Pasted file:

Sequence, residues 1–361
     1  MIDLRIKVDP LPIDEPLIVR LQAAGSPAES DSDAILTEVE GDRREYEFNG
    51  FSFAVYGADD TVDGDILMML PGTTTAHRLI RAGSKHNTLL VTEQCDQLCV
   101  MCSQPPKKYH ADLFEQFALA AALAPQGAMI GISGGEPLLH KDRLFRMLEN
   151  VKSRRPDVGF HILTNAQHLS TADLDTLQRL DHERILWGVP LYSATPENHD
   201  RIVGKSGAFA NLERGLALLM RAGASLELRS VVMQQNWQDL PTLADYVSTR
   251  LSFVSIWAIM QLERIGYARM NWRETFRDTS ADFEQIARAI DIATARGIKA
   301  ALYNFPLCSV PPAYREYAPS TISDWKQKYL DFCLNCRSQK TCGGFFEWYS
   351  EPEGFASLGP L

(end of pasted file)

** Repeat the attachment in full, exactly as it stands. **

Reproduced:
Sequence, residues 1–361
     1  MIDLRIKVDP LPIDEPLIVR LQAAGSPAES DSDAILTEVE GDRREYEFNG
    51  FSFAVYGADD TVDGDILMML PGTTTAHRLI RAGSKHNTLL VTEQCDQLCV
   101  MCSQPPKKYH ADLFEQFALA AALAPQGAMI GISGGEPLLH KDRLFRMLEN
   151  VKSRRPDVGF HILTNAQHLS TADLDTLQRL DHERILWGVP LYSATPENHD
   201  RIVGKSGAFA NLERGLALLM RAGASLELRS VVMQQNWQDL PTLADYVSTR
   251  LSFVSIWAIM QLERIGYARM NWRETFRDTS ADFEQIARAI DIATARGIKA
   301  ALYNFPLCSV PPAYREYAPS TISDWKQKYL DFCLNCRSQK TCGGFFEWYS
   351  EPEGFASLGP L